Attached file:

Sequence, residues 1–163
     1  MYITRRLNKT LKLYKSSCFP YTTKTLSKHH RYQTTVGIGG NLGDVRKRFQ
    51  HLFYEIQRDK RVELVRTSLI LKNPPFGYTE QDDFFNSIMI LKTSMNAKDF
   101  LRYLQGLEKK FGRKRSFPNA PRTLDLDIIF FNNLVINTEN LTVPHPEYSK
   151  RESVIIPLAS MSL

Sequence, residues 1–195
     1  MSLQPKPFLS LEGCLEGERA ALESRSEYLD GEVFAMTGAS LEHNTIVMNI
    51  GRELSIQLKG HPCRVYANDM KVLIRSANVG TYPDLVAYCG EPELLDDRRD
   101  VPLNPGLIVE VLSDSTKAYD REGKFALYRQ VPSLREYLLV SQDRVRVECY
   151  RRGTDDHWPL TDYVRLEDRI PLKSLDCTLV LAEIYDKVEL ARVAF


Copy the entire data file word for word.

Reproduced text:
Sequence, residues 1–163
     1  MYITRRLNKT LKLYKSSCFP YTTKTLSKHH RYQTTVGIGG NLGDVRKRFQ
    51  HLFYEIQRDK RVELVRTSLI LKNPPFGYTE QDDFFNSIMI LKTSMNAKDF
   101  LRYLQGLEKK FGRKRSFPNA PRTLDLDIIF FNNLVINTEN LTVPHPEYSK
   151  RESVIIPLAS MSL

Sequence, residues 1–195
     1  MSLQPKPFLS LEGCLEGERA ALESRSEYLD GEVFAMTGAS LEHNTIVMNI
    51  GRELSIQLKG HPCRVYANDM KVLIRSANVG TYPDLVAYCG EPELLDDRRD
   101  VPLNPGLIVE VLSDSTKAYD REGKFALYRQ VPSLREYLLV SQDRVRVECY
   151  RRGTDDHWPL TDYVRLEDRI PLKSLDCTLV LAEIYDKVEL ARVAF